In my line of work as a lawyer, I've spoken to social workers who have encountered many cases of children whose biological parents are uninvolved in their lives and who are being cared for and raised by other families instead.
Such "non-parents" do not have any legal relationship with the child and they inevitably face problems in making decisions on behalf of the child, such as in registering for primary school or applying for certain financial assistance schemes.
In the recent public consultation by the Committee to Review and Enhance Reforms in the Family Justice System, our law firm submitted feedback asking for a legislative review to allow non-parents to apply for guardianship orders or specific-issue orders restricted to certain issues in a child's life, such as decisions about medical treatment.
The court should also be able to make such orders on its own motion if it is in the best interest of the child.
A similar call for such a legislative mechanism for appropriate non-parents was made by the Family Justice Courts' Presiding Judge Debbie Ong in a High Court case last year to "provide a clearly defined statutory regime through which non-parents may apply for the necessary orders for the welfare of children".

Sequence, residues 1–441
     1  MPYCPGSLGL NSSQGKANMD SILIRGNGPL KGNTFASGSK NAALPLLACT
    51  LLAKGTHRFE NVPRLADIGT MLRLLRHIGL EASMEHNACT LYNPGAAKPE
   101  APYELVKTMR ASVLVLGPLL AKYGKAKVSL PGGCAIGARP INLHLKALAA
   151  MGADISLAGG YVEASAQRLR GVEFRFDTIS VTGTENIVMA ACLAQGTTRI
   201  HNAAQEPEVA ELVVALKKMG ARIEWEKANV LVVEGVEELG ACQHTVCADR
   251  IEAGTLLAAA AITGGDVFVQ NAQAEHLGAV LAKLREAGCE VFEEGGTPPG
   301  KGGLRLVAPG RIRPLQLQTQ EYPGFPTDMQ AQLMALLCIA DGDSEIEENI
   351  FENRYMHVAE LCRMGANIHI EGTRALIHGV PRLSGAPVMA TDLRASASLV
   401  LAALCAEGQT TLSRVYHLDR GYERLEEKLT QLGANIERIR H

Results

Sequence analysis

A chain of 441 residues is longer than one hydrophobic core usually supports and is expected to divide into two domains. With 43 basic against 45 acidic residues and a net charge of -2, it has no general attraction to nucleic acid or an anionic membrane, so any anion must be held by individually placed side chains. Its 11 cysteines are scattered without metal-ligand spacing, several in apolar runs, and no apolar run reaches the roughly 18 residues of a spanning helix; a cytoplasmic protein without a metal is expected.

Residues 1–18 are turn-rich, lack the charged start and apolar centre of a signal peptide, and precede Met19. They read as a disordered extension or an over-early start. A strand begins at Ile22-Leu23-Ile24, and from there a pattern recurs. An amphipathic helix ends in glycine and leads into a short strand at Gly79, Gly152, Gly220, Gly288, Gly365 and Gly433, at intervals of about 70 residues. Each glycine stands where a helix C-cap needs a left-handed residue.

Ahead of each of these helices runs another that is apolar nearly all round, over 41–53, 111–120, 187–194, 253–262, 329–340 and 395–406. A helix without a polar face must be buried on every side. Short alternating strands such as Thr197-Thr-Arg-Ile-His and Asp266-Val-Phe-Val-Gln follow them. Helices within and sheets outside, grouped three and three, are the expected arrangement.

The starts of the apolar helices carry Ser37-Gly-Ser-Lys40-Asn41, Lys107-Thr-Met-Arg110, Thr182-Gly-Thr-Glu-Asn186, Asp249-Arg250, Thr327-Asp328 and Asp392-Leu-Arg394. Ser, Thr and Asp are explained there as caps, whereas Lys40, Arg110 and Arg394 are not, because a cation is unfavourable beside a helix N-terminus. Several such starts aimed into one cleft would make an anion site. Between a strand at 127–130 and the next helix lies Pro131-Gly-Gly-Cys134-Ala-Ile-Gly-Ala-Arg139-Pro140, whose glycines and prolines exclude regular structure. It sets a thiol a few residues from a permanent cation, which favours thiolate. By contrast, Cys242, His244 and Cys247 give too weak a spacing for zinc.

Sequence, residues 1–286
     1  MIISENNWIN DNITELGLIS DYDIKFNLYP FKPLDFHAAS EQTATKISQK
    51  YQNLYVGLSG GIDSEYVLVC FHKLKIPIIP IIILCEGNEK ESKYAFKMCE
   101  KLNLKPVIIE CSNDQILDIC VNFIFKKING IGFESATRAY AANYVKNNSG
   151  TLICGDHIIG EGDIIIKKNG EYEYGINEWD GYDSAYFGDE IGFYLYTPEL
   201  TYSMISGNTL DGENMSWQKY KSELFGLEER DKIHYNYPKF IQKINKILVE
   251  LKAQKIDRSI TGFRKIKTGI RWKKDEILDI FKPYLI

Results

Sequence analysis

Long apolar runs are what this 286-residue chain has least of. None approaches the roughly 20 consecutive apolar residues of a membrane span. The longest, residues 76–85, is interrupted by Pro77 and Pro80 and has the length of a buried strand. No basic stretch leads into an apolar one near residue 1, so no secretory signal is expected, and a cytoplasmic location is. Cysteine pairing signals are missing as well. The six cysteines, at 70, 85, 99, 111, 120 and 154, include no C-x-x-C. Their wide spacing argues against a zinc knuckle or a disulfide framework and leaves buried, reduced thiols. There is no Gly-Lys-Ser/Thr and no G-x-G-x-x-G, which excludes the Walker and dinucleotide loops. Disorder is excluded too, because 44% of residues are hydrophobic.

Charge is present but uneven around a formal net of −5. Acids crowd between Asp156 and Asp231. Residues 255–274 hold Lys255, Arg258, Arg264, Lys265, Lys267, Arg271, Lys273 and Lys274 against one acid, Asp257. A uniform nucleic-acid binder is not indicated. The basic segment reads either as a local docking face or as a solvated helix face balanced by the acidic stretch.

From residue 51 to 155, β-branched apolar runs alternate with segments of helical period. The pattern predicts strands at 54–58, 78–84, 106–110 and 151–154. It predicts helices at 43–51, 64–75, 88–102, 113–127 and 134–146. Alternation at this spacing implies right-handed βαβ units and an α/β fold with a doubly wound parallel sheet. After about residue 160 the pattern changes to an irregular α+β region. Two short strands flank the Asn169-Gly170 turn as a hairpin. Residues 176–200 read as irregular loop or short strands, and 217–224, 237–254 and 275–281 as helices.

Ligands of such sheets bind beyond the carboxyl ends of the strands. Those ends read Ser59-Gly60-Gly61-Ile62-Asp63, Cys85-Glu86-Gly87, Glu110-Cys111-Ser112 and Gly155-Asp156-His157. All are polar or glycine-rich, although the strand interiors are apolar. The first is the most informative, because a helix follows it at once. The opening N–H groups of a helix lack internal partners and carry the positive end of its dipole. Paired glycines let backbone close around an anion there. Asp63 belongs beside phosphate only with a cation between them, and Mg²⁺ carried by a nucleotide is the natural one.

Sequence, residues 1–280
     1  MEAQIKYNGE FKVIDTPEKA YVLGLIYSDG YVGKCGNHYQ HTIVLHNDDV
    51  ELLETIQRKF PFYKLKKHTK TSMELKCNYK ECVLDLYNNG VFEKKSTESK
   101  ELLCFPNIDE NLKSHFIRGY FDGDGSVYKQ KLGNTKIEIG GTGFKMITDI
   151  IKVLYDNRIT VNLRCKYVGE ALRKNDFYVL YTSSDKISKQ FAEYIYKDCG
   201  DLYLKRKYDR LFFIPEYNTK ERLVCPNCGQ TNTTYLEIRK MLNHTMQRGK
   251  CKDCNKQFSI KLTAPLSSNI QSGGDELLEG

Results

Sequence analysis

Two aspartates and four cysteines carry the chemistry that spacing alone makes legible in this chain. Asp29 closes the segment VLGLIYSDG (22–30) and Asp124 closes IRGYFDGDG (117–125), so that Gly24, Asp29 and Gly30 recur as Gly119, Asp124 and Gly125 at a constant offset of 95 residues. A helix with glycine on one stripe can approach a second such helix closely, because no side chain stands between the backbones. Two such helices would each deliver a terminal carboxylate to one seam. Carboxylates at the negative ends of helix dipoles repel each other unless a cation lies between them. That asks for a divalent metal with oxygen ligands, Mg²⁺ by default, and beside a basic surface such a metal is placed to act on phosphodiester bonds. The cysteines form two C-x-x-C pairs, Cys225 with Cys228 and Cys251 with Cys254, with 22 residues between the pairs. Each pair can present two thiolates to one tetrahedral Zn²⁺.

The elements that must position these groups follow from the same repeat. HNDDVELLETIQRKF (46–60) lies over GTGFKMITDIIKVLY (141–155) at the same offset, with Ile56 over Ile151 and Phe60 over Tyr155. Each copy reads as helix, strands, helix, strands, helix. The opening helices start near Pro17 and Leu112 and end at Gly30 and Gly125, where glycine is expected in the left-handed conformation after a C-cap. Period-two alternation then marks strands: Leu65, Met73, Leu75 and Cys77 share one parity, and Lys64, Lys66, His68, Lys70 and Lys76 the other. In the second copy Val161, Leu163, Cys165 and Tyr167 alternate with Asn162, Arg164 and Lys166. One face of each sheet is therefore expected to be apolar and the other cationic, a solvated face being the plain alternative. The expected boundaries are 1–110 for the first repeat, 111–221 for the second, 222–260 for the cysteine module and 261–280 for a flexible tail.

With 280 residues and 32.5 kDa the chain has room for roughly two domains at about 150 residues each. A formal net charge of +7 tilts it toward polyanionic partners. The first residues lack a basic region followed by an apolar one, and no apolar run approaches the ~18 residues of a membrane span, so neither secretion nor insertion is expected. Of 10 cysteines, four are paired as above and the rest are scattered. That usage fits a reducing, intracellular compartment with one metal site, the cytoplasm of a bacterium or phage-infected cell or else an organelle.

Currently, non-parents do not have the right to bring a guardianship application to the court.
So, without the application of a parent, the actual caregivers of the children do not have a legal basis or power to make important decisions for the benefit of the child.
In addition, while the Ministry of Social and Family Development (MSF) may apply for orders pertaining to the child's care, there is, in practice, a relatively high threshold of abuse or neglect before MSF will step in.
While legal adoption is a possible option, it is an expensive and complicated process.
Support should be given to non-parents who are caring for children whose parents neglect to do so. The provision for a legal mechanism leading to a guardianship or specific-issue order will legitimise the relationship between non-parents and the children, and empower these non-parents in their care of the children.
Such children should not be further prejudiced, when they are already underprivileged in many ways, and the law should be changed to ensure this.
Ronald Wong Jian Jie